Sunday, November 4, 2012

Italian Wedding Soup with Turkey Meatballs

I recently joined Food52, a seriously neat community of people who love to talk about cooking and meticulously dig through recipes as much as me. Their manifesto concludes with the following:

"We think cooking is really important — especially now. Over the past decade, many studies and books have shown that children from families who eat together do better in school, that eating "whole" foods is healthier, that eating sustainably will save the environment. But no one has pointed out that the only way to achieve all this in a comprehensive, lasting way is for people to cook."

Pretty cool, right? Anyway, while I was filling out my new profile, I was asked "what do you cook when home alone?" Well, I usually cook everything while home alone, but I answered with my honest favorite: hearty, chock-full veggie "Stone Soup" style soups.

Case in point, I present to you this Italian Wedding Soup with Turkey Meatballs recipe. The term "wedding soup" is actually a mistranslation of the Italian phrase "minestra mariata", which refers to the adage that dark green vegetables and meats cook well together. To keep this soup healthy, I used lean, all white-meat ground turkey instead of the typical beef/veal/pork meatball combination. I loved the effect the turkey had in this soup: the mild meatballs fared perfectly in the hearty, leafy soup.

Ground turkey meat is usually dark, and while it is definitely leaner than beef, white meat is the healthiest of them all. The light pink meat produces an almost whitish color upon cooking, like chicken, which may aesthetically throw you off. Therefore, using the white meat as meatballs in a soup, where the color doesn't stand out so much, is optimal. I used fresh meat from DiPaola Turkey Farm, which raises free-range, antibiotic-free turkeys fed a mixture of corn and soy.

The magic of this recipe lies in its simplicity. In a showcase of fresh flavors, the ingredients speak for themselves: garlic, onion, celery, carrots and kale/escarole simmer in a lush broth, accompanied by the hearty meatballs, tinged with parsley and oregano. Ample salt & pepper and a light sprinkling of shaved Parmesan top it all off. There are tons of other things you could add— thyme, diced tomatoes, cannelloni beans, mushrooms— but here, the "less is more" phenomenon triumphs.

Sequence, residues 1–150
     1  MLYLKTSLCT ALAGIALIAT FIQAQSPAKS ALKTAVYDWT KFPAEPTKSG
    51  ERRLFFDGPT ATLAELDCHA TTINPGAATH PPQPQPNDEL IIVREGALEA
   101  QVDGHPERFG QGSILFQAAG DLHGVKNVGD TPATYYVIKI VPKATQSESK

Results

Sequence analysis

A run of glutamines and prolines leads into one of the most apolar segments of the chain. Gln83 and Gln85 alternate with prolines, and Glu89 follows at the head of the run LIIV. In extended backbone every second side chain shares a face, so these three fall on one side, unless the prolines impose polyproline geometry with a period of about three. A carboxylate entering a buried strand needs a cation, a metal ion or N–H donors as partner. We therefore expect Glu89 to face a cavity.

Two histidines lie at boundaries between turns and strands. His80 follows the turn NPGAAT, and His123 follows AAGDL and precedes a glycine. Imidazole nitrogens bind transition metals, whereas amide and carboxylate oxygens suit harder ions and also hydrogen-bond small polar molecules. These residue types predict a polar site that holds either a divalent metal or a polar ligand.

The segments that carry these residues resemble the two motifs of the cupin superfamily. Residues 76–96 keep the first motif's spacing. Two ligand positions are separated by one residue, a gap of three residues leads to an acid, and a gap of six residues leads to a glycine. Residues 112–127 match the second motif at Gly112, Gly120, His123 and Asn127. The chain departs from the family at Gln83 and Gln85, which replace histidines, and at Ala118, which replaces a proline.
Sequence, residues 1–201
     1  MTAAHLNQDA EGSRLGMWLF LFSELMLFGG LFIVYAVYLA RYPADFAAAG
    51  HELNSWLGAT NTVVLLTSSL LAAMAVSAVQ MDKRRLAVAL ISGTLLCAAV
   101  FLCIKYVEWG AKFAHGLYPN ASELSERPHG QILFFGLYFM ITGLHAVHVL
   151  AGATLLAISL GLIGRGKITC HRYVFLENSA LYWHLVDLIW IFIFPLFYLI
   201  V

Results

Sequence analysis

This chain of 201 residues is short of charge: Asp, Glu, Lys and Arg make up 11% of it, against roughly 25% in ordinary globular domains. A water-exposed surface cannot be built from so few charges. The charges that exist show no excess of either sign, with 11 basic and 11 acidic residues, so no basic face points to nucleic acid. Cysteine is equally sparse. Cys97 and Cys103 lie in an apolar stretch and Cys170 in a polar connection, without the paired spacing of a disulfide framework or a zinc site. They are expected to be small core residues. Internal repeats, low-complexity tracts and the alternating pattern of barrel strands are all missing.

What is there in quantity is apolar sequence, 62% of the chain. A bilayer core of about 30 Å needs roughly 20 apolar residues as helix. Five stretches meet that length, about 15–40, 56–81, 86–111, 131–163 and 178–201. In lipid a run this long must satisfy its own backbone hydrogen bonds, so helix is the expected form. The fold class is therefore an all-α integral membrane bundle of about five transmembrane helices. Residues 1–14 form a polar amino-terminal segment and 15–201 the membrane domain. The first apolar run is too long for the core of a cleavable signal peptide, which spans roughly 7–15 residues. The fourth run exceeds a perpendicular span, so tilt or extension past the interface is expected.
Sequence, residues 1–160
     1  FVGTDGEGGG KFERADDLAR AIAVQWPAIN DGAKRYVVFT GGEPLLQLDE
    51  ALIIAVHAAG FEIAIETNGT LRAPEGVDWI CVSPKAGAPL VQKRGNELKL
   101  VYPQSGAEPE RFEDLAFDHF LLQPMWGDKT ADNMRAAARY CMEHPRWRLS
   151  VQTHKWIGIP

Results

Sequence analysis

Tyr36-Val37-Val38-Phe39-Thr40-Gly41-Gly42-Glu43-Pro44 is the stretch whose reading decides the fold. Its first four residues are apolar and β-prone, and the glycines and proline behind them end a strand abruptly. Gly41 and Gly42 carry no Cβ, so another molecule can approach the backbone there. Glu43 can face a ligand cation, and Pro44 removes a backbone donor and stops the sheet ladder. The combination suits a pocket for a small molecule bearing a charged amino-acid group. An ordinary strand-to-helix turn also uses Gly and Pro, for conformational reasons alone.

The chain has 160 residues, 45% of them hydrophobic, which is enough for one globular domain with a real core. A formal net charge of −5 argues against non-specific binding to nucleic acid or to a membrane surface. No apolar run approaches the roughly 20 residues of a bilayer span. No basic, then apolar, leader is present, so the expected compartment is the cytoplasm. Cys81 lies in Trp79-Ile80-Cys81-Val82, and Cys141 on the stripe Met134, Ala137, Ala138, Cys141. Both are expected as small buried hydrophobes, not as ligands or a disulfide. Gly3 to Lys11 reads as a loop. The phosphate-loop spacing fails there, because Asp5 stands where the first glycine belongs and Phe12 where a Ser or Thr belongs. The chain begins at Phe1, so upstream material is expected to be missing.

Italian Wedding Soup with Turkey Meatballs (adapted from Serious Eats)
Yield: 4-6 servings

  • 12 ounces ground turkey meat (preferably white meat)
  • 1/3 cup whole-wheat bread crumbs
  • 2 egg whites
  • 2 tablespoons chopped fresh parsley
  • 2 cloves garlic, minced
  • 1 3/4 teaspoon kosher salt, plus more for seasoning
  • 1/2 teaspoon dried oregano
  • 1/4 teaspoon freshly ground black pepper, plus a few grinds
  • 2 tablespoons olive oil
  • 1 large onion, diced
  • 2 stalks celery, sliced lengthwise and cut thinly crosswise
  • 2 carrots, peeled and chopped
  • 8 cups chicken stock (low-sodium, if possible)
  • 3 cups kale, stems removed and leaves sliced thin
  • 2 cups escarole, core removed and leaves sliced thin (if you can't find escarole, just substitute with more kale)
  •  Parmesan cheese for serving

  1. In a mixing bowl, combine ground turkey meat, bread crumbs, egg whites, 1 clove garlic, oregano, parsley, 3/4 teaspoon kosher salt, and 1/4 teaspoon pepper. Form into 1-inch meatballs, place on a baking sheet, and refrigerate.
  2. Preheat oven to 375 degrees F.
  3. In a Dutch oven, heat oil over medium-high heat. Add onions and garlic, saute for 5 minutes. Add celery and carrot and saute 5 more minutes. Add stock and 1 teaspoon salt. Turn heat to high. Once boiling, add kale and escarole. Turn heat back down to medium-low, cover Dutch oven, and simmer 15 minutes.
  4. In the meantime, place meatballs in oven and bake 12 minutes. When finished, add meatballs to soup and cook an additional 5 minutes. Salt and pepper to taste. Serve with Parmesan sprinkled on top.

1 comment:

  1. Italian soup looks yummy. Thanks for giving this recipe. I will try this at weekend. I like various cuisine food very much. I like Italian culture, tradition, Italian food etc . Last summer I have visited Italy as well as I have visited italian restaurant. I like to drive Italian road at night . I have enjoyed Italian food very much.


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